Her Mother's Prayers Kept Her Safe

When her building in New York City was robbed, her room was miraculously skipped. 

- Posted on Mar 24, 2020

An artist's rendering of a woman sleeping on the left and a hand reaching for the doorknob on right.

Bang! bang! bang! I shot up in bed that mid-December morning in 1992. Someone was pounding on the door of my rented room at New Dramatists, an organization for playwrights in New York City. My hair a mess, I grabbed my robe and ran to the door. I threw it open to find Peter, the office manager, standing in the doorway. His face was as white as a sheet.

“Kimberly, are you okay?” he asked, visibly shaken.

“Yes, I’m fine! Why?”

“The building was robbed last night. You were the only person in here. Three floors have been ransacked. Most of the bedrooms were broken into. The artwork is gone. Even the typewriters were taken.”

“It’s a good thing my door was locked!” I said.

“All the other doors were locked too,” Peter said. “But that didn’t stop whoever it was that broke in. I’m just glad you’re all right.”

My heart was pounding as Peter left to assess the damage downstairs. I closed the door. Who knows what might’ve happened if the robber had come into my room and found me? I must have already been asleep when the robbery took place. With my light out, there was nothing to tip anyone off that the room was occupied. So how did my room alone get overlooked?

Until now, I’d been absolutely certain that I was meant to be in New York. As an aspiring playwright, I’d always dreamed of moving here. Everything seemed to fall right into place after I graduated from college in North Carolina the previous spring. A former professor had offered me her Manhattan apartment at an actually affordable rate. Her only condition was that I find another place to stay when she came back to the city during academic breaks. It was an opportunity I couldn’t pass up.

I hit the ground running. I loved the hustle and bustle of the metropolis, so different from life in the South, where I’d grown up. In the short time I’d been here, I was making great connections and already involved in some exciting creative projects. I’d even enrolled in a class here at New Dramatists, where I often attended play readings.

With the holidays approaching, I’d mentioned to Peter that I needed a room for the two weeks between my former professor’s arrival for winter break and my departure home for the holidays. I was delighted when he told me they rented out these top-floor rooms to visiting playwrights and that none of them would be occupied for the couple weeks I needed. My stay came with a complimentary invite to the New Dramatists’ annual holiday party, thrown in a stately room downstairs.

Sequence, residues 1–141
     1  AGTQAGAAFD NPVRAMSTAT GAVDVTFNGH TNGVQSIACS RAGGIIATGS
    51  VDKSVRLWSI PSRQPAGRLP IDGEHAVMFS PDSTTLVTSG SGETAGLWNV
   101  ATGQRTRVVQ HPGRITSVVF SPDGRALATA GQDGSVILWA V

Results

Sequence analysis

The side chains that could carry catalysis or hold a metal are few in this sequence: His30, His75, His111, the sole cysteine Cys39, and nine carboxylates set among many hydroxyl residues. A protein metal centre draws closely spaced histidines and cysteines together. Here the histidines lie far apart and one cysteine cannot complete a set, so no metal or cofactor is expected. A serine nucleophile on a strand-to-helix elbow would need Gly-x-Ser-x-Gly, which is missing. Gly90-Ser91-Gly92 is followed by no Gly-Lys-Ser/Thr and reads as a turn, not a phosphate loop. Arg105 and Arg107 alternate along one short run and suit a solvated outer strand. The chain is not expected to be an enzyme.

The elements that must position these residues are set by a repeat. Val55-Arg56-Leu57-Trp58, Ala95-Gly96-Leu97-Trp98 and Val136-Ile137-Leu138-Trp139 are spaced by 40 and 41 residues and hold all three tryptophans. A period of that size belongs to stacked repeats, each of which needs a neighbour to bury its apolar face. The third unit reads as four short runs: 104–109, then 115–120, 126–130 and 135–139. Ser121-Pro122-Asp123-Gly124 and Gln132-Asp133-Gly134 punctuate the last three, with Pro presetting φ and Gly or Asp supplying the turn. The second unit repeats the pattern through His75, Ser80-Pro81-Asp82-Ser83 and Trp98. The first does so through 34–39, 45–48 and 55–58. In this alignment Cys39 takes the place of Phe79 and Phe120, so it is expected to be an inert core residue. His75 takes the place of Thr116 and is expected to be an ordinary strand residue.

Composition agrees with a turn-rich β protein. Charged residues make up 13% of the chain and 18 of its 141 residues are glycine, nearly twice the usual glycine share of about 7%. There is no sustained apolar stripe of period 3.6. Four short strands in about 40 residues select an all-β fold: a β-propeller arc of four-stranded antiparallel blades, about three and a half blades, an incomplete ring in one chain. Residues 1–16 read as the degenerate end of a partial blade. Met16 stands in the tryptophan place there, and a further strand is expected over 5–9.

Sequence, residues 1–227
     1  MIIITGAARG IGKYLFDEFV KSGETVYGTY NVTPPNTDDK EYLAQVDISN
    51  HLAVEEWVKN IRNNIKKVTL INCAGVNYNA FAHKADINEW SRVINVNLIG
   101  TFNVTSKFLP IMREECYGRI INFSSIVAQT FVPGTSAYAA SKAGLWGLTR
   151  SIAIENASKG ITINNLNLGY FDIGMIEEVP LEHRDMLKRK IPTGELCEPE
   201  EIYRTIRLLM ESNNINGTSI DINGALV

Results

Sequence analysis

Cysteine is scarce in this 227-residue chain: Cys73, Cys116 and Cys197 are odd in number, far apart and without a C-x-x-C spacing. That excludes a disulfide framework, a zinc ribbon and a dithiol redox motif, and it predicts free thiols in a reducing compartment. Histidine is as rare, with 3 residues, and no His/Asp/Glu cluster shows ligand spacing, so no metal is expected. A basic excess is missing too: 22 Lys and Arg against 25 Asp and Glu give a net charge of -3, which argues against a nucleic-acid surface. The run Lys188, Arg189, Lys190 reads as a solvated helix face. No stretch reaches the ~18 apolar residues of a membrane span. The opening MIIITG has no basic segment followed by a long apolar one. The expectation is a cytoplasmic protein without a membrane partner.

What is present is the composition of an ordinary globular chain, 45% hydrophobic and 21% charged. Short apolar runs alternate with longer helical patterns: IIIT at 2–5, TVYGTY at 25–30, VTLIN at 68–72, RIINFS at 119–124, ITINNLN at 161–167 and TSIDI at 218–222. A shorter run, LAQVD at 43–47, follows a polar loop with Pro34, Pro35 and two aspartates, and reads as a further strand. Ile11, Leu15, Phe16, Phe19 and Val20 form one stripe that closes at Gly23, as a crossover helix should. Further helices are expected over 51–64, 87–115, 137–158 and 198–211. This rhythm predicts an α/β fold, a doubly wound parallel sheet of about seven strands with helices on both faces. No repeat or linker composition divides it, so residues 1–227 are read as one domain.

Just the night before, I’d felt so at home in this exciting city, attending a gathering where I got to celebrate with new friends and rub shoulders with some of the best playwrights in the country. Afterward I’d retired to my room happy and gone to sleep, holiday songs still drifting through my head.

But this morning, I felt entirely different: suddenly small and alone. The robbery had shaken me to my core, making me second-guess my decision to move here.

Still upset, I got dressed and headed downstairs to the office to see if there was anything I could do to help out. Peter pointed to the answering machine.

“I’ve just listened to more than a dozen frantic messages from your mother,” he said. “All of them were left between midnight and eight o’clock this morning.”

I’d given my mom the New Dramatists office number to reach me in case of a family emergency. But I didn’t understand why she’d call in the middle of the night or leave so many messages.

“What did she want?” I asked.

Peter shook his head as if he couldn’t quite believe what he was about to say. “She was begging for someone to pick up the phone because you were in danger.”

Peter was just about to hit the PLAY button on the answering machine when the phone rang. He answered it, then handed me the receiver. “It’s your mom.”

“Please just tell me you’re okay,” she said in a trembling voice. I assured her I was fine, then told her what had happened. “The robber skipped my room out of all the rooms in the building! But, Mom, how did you know I wasn’t safe?”

There was a silence on the other end of the line, and then Mom said, “I woke up at midnight, sure you were in terrible danger, Kimberly. I spent all night on my knees, praying for God to protect you.”

I thanked her, my eyes filling with tears. Mom’s intuition. Her prayers. The robbers miraculously skipping my room. Everything that had come together to keep me safe. I knew I was right where I needed to be. And I wasn’t alone. Someone was looking out for me.

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